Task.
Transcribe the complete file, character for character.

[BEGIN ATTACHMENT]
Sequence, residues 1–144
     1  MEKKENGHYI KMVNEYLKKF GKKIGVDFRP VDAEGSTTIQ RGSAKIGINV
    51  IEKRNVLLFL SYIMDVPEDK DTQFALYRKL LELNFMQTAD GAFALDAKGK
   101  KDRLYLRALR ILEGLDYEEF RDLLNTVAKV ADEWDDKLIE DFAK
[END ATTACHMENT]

Sequence, residues 1–144
     1  MEKKENGHYI KMVNEYLKKF GKKIGVDFRP VDAEGSTTIQ RGSAKIGINV
    51  IEKRNVLLFL SYIMDVPEDK DTQFALYRKL LELNFMQTAD GAFALDAKGK
   101  KDRLYLRALR ILEGLDYEEF RDLLNTVAKV ADEWDDKLIE DFAK